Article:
The life of your software does not begin when coding starts and end with the launch. Instead, it has an ongoing lifecycle that stops and starts whenever necessary. The start of its lifecycle and a good portion of the work begins at launch.
Software is always changing and as long as it is being used, it has to be monitored and maintained properly. This is partly to adjust for the changes within an organization but is even more important because technology keeps changing.
Your software may need maintenance for any number of reasons – to keep it up and running, to enhance features, to rework the system for changes into the future, to move to the Cloud, or any other changes. Whatever the motivation is for software maintenance, it is vital for the success of your business. As such, software maintenance is more than simply finding and fixing bugs. It is keeping the heart of your business up and running.
There are four types of software maintenance:
Corrective software maintenance is what one would typically associate with the maintenance of any kind. Correct software maintenance addresses the errors and faults within software applications that could impact various parts of your software, including the design, logic, and code. These corrections usually come from bug reports that were created by users or customers – but corrective software maintenance can help to spot them before your customers do, which can help your brand’s reputation.
Adaptive software maintenance becomes important when the environment of your software changes. This can be brought on by changes to the operating system, hardware, software dependencies, Cloud storage, or even changes within the operating system. Sometimes, adaptive software maintenance reflects organizational policies or rules as well. Updating services, making modifications to vendors, or changing payment processors can all necessitate adaptive software maintenance.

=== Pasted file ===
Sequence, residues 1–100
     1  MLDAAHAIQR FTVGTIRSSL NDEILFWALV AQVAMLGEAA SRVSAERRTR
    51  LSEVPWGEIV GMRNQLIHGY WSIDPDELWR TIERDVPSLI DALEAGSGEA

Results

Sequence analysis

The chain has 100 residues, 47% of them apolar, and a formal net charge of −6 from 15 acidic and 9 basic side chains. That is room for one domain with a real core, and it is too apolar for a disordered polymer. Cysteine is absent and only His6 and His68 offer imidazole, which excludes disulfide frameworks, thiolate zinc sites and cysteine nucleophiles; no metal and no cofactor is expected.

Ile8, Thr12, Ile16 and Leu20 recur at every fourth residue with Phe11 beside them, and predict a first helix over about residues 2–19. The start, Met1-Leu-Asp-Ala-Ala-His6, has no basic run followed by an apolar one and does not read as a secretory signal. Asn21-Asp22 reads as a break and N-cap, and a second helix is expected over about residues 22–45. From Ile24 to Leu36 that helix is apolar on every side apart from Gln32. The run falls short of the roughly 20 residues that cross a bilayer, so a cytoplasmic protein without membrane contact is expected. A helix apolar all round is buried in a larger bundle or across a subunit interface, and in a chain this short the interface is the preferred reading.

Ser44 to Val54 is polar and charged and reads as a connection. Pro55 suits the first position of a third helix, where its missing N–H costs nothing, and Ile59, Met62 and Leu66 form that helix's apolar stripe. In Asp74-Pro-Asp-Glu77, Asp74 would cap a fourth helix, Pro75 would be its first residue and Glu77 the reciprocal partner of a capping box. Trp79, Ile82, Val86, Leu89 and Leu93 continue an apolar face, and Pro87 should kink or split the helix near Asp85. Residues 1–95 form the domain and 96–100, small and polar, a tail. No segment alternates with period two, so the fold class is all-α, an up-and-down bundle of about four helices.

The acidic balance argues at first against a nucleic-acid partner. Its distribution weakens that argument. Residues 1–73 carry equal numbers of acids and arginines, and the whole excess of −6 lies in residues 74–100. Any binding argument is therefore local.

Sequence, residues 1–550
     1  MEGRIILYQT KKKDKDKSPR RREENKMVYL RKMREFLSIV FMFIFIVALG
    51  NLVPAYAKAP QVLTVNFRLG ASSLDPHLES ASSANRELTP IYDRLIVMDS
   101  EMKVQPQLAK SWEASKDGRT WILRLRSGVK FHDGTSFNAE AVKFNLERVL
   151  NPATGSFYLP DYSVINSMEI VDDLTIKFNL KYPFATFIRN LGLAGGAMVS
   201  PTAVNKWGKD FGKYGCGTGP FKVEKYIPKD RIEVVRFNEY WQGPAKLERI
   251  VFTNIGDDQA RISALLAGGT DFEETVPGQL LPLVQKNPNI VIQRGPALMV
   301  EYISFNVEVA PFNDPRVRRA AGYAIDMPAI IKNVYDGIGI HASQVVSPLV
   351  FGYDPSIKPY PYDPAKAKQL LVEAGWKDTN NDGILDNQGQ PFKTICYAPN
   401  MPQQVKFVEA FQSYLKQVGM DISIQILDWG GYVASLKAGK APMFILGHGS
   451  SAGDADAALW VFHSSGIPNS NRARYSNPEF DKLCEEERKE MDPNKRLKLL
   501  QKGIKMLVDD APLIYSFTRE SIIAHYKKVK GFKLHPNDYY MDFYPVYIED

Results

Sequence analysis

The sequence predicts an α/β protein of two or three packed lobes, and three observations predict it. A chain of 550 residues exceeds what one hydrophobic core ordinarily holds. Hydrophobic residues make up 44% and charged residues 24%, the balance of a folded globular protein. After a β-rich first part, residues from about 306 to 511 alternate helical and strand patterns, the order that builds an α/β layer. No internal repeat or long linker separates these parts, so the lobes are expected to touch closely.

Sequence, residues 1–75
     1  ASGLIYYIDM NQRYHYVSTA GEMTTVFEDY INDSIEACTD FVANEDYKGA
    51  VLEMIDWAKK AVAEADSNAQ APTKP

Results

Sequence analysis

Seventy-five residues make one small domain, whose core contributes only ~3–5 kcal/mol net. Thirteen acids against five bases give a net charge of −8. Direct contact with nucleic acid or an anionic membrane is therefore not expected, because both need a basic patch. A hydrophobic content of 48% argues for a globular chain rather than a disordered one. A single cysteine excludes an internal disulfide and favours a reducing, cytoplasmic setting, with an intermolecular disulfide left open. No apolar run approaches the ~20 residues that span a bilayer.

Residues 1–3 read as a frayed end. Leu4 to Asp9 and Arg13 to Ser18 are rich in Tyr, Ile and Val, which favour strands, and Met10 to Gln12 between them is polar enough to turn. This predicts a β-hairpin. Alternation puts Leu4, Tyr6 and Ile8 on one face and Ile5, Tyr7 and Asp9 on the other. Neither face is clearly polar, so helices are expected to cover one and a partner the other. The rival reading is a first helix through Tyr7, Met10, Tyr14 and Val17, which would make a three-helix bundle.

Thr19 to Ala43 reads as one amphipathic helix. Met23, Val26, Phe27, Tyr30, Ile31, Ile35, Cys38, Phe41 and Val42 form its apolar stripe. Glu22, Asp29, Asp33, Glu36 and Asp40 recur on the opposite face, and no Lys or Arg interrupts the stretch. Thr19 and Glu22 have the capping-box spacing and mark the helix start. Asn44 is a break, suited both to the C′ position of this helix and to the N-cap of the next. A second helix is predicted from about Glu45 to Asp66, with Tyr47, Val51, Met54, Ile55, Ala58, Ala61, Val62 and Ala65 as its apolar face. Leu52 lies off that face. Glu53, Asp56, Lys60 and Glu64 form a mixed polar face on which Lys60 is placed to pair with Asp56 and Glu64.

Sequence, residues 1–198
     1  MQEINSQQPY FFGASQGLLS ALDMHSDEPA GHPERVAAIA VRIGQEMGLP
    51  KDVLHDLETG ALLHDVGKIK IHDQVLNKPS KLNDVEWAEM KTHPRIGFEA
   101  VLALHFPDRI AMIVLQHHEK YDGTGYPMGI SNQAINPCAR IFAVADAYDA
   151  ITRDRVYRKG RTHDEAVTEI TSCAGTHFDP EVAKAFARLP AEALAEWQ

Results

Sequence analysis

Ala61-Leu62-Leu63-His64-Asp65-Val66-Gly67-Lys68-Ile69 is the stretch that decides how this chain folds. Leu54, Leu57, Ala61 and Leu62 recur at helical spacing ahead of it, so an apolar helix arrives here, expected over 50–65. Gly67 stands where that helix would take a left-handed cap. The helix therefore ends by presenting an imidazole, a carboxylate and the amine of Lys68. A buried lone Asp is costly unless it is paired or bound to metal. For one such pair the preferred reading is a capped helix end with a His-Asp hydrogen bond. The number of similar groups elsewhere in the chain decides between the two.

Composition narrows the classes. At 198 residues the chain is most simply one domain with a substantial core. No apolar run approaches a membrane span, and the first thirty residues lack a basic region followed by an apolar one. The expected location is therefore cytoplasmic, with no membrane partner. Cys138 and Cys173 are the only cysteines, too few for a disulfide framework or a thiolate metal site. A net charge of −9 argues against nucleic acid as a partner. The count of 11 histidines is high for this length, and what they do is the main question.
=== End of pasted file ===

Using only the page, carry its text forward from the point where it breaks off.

Perfective software maintenance focuses on the evolution of requirements and features that existing in your system. As users interact with your applications, they may notice things that you did not or suggest new features that they would like as part of the software, which could become future projects or enhancements. Perfective software maintenance takes over some of the work, both adding features that can enhance user experience and removing features that are not effective and functional. This can include features that are not used or those that do not help you to meet your end goals.
Preventative Software Maintenance helps to make changes and adaptations to your software so that it can work for a longer period of time. The focus of the type of maintenance is to prevent the deterioration of your software as it continues to adapt and change. These services can include optimizing code and updating documentation as needed.
Preventative software maintenance helps to reduce the risk associated with operating software for a long time, helping it to become more stable, understandable, and maintainable.
For all businesses and organizations, software maintenance is an essential part of the software development lifecycle. This isn’t something that one can skip or avoid. It is absolutely necessary for the success of your software and any evolution into the future. It is important to know that maintenance needs to go much further than fixing issues or bugs – that is only one steps of the software maintenance process.
Updating software environments, reducing deterioration, and enhancing what is already there to help satisfy the needs of all users are also included in the software maintenance examples.
For more information, see our eBook 20 Software Engineering Goals for the Digital Economy.